I don’t want to go to hell.

Just saying that sounds terribly unmodern (and for a preacher unseemly).

We’ve come a long way from Dante leading us through the infernal rings of hell, up the mountain of purgatory, arriving finally at the beatific vision of paradise. Renaissance art followed, more fascinated with hell than heaven. People daily lived wary of God’s judgment.

Alas, we are cured, it seems. We think little of hell today. Heaven fares better. More believe in heaven than hell, surveys say – which does not, of course, make hell the less; it only moves it further from our thoughts.

American religion has turned “this-worldly,” but at a loss we hardly fathom.

The late Nobel poet Czeslaw Milosz mused over this.

“Have we really lost our faith in that other space?/ Have they vanished forever, both Heaven and Hell?/ Without unearthly meadows how to meet salvation?/ And where will the damned find suitable quarters?/…Let us implore that it be returned to us/ That second space.”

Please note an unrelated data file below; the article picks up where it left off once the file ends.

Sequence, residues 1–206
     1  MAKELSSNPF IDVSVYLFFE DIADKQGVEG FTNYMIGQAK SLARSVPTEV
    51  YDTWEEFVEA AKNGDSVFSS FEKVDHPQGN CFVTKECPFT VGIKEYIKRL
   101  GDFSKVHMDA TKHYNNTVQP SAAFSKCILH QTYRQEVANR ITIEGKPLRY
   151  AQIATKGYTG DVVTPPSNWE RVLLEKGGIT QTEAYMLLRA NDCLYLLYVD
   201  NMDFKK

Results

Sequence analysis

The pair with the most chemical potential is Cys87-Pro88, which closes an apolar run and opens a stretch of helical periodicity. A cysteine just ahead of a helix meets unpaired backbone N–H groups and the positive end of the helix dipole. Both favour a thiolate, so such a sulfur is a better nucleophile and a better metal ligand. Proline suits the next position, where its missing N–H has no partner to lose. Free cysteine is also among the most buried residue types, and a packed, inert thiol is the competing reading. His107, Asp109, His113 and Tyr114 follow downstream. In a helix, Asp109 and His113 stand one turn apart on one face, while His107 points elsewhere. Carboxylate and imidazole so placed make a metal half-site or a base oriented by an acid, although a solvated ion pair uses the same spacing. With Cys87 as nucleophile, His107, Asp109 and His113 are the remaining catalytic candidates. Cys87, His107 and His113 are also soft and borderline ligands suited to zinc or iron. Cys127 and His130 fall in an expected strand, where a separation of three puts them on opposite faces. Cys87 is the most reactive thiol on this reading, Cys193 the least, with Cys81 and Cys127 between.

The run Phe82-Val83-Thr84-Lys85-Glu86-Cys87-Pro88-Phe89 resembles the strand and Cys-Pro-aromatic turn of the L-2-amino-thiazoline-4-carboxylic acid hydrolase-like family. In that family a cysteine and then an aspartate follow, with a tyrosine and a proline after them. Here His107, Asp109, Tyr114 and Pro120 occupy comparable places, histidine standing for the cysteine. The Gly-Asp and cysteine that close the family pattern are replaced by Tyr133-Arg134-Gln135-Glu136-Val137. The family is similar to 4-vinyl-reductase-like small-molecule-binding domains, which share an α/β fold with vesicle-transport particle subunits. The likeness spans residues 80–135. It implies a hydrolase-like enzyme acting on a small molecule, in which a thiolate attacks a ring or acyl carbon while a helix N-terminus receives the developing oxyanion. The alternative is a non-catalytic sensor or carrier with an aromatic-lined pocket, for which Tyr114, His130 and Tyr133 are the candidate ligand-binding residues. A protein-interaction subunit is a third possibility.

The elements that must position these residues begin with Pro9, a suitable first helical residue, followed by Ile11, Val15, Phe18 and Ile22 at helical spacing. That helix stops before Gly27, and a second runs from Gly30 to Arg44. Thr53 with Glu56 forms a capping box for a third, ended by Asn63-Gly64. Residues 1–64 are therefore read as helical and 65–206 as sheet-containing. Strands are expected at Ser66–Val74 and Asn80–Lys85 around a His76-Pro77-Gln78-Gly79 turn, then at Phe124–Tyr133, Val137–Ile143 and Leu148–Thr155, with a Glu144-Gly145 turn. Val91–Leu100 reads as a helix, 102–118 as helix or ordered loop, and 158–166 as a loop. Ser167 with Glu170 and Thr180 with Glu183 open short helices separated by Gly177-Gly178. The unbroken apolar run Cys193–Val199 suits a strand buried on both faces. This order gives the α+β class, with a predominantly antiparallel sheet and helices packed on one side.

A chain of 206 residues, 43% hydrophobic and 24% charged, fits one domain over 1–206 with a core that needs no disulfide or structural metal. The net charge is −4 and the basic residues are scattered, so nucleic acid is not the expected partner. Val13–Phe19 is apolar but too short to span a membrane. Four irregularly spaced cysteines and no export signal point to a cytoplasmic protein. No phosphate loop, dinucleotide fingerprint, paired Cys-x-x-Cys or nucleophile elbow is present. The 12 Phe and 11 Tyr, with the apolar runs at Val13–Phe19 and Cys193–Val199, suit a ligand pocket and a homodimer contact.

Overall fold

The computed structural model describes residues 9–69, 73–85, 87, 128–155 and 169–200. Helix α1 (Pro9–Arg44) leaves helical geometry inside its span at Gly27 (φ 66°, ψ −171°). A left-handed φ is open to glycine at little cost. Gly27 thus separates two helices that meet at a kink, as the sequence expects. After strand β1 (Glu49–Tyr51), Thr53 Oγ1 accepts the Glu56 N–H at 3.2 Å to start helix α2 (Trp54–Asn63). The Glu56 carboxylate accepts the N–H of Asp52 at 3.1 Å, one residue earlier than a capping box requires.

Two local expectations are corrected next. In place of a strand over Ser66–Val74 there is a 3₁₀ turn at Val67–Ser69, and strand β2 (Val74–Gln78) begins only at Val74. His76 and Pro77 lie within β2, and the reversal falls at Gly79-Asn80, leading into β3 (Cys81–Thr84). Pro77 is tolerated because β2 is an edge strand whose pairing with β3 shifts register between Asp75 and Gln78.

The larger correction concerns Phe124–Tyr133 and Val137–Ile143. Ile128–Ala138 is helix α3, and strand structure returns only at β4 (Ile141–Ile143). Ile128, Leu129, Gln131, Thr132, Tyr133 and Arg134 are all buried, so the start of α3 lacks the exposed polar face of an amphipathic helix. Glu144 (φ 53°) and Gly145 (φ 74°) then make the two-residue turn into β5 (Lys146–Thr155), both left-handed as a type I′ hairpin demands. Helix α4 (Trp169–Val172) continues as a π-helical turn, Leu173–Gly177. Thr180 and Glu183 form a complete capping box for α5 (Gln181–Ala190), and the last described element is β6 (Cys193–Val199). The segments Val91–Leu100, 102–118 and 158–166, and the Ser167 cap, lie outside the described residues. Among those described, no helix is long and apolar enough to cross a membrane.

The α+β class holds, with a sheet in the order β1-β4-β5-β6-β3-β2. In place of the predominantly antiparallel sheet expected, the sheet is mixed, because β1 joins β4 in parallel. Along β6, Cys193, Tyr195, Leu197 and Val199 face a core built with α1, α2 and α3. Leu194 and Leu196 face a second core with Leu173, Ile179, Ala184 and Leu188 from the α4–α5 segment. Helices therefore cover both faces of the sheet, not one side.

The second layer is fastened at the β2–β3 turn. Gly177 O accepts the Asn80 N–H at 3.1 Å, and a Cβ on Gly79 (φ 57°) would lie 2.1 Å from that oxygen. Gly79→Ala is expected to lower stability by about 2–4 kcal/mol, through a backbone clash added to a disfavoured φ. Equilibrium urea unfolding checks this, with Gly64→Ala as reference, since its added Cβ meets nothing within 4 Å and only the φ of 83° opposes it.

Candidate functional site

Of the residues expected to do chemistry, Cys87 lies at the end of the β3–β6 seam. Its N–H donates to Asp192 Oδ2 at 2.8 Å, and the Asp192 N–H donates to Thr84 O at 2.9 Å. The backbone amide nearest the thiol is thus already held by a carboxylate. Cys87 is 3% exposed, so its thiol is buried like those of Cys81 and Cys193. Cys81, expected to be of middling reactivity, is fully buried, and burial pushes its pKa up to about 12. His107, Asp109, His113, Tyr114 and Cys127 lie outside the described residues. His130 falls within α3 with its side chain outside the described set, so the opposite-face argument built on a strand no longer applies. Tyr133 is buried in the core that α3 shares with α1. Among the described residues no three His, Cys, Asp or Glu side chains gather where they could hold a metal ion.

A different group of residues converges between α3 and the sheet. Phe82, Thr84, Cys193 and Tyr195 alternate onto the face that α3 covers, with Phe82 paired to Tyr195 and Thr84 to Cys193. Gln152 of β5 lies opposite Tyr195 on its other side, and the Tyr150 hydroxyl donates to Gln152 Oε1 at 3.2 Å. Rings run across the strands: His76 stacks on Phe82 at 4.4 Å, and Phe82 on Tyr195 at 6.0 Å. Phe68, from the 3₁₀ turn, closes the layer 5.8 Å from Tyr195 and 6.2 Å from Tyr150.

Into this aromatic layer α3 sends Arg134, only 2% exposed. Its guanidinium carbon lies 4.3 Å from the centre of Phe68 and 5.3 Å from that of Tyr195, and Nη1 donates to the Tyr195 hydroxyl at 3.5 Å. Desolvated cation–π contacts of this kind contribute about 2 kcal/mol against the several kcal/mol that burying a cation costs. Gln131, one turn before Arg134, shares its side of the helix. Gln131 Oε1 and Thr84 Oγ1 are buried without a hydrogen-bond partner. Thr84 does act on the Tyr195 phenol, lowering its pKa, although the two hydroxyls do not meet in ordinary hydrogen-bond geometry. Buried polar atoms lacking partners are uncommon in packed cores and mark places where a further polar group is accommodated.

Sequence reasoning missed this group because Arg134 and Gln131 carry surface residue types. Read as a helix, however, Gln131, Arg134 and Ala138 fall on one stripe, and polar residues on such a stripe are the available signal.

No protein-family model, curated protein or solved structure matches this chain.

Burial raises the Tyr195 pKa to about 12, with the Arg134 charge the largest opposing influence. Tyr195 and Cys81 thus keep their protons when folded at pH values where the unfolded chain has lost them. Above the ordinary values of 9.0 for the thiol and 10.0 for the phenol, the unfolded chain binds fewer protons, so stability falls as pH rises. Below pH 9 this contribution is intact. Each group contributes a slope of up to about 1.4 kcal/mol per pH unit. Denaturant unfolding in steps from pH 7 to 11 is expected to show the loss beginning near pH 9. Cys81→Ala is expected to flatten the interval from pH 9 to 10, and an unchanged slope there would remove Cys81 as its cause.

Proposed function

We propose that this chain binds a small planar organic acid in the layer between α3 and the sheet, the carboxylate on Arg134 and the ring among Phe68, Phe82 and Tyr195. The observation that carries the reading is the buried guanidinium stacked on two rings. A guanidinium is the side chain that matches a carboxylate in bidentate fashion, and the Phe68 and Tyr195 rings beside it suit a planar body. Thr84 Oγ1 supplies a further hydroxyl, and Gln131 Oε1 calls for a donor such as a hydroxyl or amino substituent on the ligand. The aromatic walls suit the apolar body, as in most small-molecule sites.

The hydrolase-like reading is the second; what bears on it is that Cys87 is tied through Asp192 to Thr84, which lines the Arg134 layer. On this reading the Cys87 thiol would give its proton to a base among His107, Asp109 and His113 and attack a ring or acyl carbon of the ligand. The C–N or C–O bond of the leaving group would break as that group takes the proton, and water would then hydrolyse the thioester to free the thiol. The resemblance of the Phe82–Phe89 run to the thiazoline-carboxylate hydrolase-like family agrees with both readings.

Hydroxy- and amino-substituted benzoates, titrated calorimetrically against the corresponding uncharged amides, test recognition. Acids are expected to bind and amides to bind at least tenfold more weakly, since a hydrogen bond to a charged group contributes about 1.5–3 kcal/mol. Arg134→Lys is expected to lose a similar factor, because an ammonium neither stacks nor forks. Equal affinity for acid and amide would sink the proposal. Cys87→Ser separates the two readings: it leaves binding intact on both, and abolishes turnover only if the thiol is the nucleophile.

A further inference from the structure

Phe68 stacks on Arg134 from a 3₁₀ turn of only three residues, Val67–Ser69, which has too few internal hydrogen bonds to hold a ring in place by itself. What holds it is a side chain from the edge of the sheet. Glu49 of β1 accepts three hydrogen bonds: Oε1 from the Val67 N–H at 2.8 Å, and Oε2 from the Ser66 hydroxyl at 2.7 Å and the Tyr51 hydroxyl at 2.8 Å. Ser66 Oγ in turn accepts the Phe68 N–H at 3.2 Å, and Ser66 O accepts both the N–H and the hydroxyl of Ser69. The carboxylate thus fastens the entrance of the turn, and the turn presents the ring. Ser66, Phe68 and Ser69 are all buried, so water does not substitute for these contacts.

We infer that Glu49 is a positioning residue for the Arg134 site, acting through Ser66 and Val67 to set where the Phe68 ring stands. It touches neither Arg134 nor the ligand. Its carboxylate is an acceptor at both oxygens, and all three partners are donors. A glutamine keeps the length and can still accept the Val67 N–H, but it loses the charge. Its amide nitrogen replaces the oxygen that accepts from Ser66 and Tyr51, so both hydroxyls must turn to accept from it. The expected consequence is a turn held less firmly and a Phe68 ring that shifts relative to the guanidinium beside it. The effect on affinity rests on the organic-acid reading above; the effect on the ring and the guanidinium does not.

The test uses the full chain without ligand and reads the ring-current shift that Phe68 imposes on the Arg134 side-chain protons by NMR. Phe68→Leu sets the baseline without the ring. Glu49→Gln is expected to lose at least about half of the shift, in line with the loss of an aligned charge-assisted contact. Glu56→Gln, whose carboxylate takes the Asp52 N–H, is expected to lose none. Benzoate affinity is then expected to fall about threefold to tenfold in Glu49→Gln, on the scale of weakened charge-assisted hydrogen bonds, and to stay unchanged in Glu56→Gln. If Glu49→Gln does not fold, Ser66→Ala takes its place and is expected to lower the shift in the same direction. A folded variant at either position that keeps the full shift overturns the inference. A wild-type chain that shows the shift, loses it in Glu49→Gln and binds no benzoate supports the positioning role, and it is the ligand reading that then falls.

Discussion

Religious communities are caretakers of second-space words. We must be on a break.

“Why don’t you ever preach on hell?” one woman has asked me more than once. My reply is cute but curt: “I’m too busy bringing down heaven to raise hell.”

The power of heaven to compel us, however, need not exclude the power of hell to repel us. Love-based religion beats fear-based any day, but judgment and mercy are not mortal enemies (or immortal ones either!). Mercy is moot without judgment, just as love without fear is sentimental.

Take care, however, when over-enthusing over the return of hell. The Bible holds hell before the eyes of the faithful as a reminder against presumption. It does not fantasize about all the evildoers that will end up there, vindicating at last those of us who “deserve” heaven – we being the do-gooders, of course.

All live under judgment, even if all judgement lives under grace.

I am suspicious of any who are cocksure that hell will be full, or empty, or non-existent. The latter two alternatives would please me fine, and I pray that God’s love will win over all friends and enemies at last.

Like anyone else, I too hope against hell. Much as I would like to do without it, though, without it my passion might cool. Hell keeps the heat on. And it keeps me looking up.